OTTAWA — The Bruins scored twice in the opening 10 minutes Friday night, then ever-so-slowly stumbled to defeat, 4-2, at the hands of the Senators at the Canadian Tire Centre.
“Progressively, [the Senators] got better,’’ said Boston coach Claude Julien, after witnessing a third-period collapse in which his charges gave up three goals in a span of 8:39. “And progressively, we got worse.’’
The low point was the third, a period that began with the Bruins clinging to the same 2-1 lead they took out of the first period. In truth, it was a late first-period goal by Chris Neil, cutting the Boston lead in half, that signaled the start of the end for the Bruins, who came here fresh off an impressive 4-0-1 homestand.
Neil, among the game’s top energy forwards and most fearsome hitters, picked off an ill-advised pass by Torey Krug high in Boston’s defensive end. He then closed to the right wing circle and snapped his shot by Tuukka Rask. Only 50 seconds from carrying a 2-0 lead into the first intermission, the Bruins were working with a half a loaf.
“Yeah, I’d have done something differently there,’’ said Krug, the crafty young defenseman who has been a welcomed boost to the Boston offense. “‘We have the 2-0 lead and that turnover ends up in the back of our net. I’ve got to do better than that.’’
Earlier, it looked as if the Bruins would breeze to a win, led by early strikes from Loui Eriksson (his second in as many nights) and Brad Marchand. Only 9:50 gone and already a 2-0 lead on the board, and a hometown crowd of 19,538 was all but fast asleep.
In the second, neither side scored, leaving the Bruins poised and confident, considering their high win rate entering the third with a lead (99-5-6 prior to Friday night). But it collapsed, and in a hurry.
Only 1:32 in, Senators defenseman Erik Karlsson spotted Jason Spezza off the left post and sent a pinpoint slap pass from above the right wing circle. Spezza collected, Rask sprawled to cover the side, and Spezza roofed in the tying goal, 2-2. A true marksman’s goal.
“Some nights,’’ lamented Rask, unhappy with his performance, “it’s like you’ve got a soccer net behind you.’’
And Ottawa eyes feasted on the ever-expanding opening like a pack of Peles. With 5:42 gone, Jared Cowen banged in a one-time slapper off a puck that ricocheted to him off the left wing wall. His shot beat defenseman Johnny Boychuk through the legs on its way to finding its way by Rask for the go-ahead goal.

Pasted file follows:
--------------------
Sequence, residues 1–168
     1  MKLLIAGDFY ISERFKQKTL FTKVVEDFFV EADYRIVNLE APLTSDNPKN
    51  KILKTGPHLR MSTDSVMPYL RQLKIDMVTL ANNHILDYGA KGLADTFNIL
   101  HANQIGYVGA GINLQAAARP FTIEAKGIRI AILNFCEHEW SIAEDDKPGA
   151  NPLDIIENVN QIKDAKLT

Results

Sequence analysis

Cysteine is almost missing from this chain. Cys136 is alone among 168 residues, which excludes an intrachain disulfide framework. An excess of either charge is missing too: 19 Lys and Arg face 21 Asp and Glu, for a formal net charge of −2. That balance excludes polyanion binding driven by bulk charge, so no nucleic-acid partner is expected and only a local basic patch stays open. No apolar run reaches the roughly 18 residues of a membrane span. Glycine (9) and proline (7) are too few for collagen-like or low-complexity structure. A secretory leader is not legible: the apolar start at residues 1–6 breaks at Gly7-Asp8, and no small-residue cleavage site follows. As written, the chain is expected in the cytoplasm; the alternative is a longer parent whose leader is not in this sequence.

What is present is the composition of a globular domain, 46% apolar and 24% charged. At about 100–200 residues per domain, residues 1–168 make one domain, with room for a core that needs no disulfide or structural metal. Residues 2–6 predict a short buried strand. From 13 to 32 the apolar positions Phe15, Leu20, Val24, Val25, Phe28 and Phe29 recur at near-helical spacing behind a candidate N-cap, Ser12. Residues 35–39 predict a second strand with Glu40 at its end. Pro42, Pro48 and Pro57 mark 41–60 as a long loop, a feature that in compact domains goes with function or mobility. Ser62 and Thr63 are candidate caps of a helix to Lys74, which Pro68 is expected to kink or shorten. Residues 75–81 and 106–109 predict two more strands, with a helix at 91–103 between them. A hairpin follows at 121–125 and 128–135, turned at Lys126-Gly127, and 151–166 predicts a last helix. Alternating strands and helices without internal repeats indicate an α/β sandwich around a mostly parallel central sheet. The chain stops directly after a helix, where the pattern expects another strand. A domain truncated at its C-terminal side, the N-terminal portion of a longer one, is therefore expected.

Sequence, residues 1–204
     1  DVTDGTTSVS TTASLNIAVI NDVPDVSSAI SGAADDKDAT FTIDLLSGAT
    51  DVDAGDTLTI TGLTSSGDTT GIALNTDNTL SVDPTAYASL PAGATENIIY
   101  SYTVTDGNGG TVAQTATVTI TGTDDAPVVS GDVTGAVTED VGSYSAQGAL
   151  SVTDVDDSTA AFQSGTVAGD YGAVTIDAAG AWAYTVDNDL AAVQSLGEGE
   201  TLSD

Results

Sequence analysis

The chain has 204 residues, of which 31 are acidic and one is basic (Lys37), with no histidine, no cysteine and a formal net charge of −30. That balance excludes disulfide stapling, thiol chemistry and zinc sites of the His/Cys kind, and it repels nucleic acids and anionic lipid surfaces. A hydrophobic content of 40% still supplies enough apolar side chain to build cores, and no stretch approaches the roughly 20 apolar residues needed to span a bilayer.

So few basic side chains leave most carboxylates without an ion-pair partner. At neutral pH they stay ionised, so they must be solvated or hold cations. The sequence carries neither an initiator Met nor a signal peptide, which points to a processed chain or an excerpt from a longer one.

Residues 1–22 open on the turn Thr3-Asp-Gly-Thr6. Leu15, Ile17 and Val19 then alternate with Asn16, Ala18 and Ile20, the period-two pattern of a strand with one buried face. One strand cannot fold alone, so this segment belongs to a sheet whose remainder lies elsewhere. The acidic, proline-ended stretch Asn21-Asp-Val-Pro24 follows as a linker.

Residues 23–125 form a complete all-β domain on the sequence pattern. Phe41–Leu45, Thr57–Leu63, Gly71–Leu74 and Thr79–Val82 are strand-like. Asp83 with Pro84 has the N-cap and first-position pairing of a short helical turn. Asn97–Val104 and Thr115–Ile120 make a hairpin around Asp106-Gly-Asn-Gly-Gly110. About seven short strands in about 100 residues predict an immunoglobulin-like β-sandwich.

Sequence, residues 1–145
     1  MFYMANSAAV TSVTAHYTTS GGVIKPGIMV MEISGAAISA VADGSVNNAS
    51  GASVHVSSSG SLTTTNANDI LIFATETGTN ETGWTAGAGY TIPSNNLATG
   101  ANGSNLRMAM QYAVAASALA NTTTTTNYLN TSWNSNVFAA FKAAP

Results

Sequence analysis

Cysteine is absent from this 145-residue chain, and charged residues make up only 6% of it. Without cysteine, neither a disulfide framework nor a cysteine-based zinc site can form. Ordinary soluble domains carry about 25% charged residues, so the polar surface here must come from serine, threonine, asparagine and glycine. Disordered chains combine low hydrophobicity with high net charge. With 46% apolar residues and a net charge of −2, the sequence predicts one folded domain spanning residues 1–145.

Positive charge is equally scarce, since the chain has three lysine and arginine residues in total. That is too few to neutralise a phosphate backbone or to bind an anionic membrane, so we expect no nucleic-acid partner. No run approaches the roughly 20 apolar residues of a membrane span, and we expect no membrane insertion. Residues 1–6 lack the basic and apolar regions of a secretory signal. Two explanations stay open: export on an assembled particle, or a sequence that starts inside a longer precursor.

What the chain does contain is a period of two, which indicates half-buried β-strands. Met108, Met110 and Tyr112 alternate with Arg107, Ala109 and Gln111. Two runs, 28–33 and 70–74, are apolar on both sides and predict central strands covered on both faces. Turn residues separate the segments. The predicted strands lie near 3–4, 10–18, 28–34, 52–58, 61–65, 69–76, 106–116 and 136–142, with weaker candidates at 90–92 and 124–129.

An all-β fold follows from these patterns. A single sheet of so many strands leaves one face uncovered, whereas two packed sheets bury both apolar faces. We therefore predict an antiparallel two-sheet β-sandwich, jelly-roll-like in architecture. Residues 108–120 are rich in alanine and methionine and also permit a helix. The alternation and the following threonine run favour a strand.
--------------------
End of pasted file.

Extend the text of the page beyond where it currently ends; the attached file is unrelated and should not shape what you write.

“Yeah, I didn’t see that one,’’ said Rask. “But that doesn’t matter. I’m the goalie, I should stop it. On me.’’
Less than five minutes later, at 10:11, ex-Duck Bobby Ryan stripped newcomer Reilly Smith in the Boston end, turned quickly toward the net and beat Rask with a wrister. The Boston miscues were many. The Ottawa shots (18 in the third period) were too much for Rask to handle.
“They forechecked hard,’’ said Marchand. “They were jumping us everywhere.’’
Marchand, whose goal was his third of the season, exited to the room midway through the second period when a Dennis Seidenberg shot nailed him near the left kneecap. The L’il Ball of Hate needed help getting down the runway to the Boston room, at first giving the appearance that he could be done for the night. But less than four minutes later, without missing a shift, he was back on the ice.
“The shot hit a nerve and my leg wasn’t working for a while,’’ he explained. “It was a bit of a scare. But it came around pretty fast, thankfully.’’
Seidenberg also was in the thick of a play late in the third period that ended up sending Ryan to the Senators room with an undisclosed face or head injury. With both players converging on a puck in the Boston end, Seidenberg wheeled around and appeared to drive an elbow into Ryan’s nose or chin. Ryan exited for the room at 16:25 and did not return.
“From what I saw, to me, it’s reviewable by the league,’’ said Ottawa coach Paul MacLean. “There’s an injury there. How severe it is, we won’t know until [Saturday].’’
By Seidenberg’s account, he was concerned Ryan might slip the puck through his legs as the Senator forward reached his stick out to gain possession. While he reached, explained Seidenberg, he swung around under control and made contact with Ryan’s head.
“I’ll never go after a guy’s head,’’ he said. “If he’s pulling the puck through me, I have to play it . . . I’ve got to play my man. That’s the way I saw it.’’
Of greater concern will be how Brendan Shanahan, who heads up the league’s Player Safety Dept., sees it. If Shanahan deems it reviewable, Seidenberg could face a fine and/or suspension.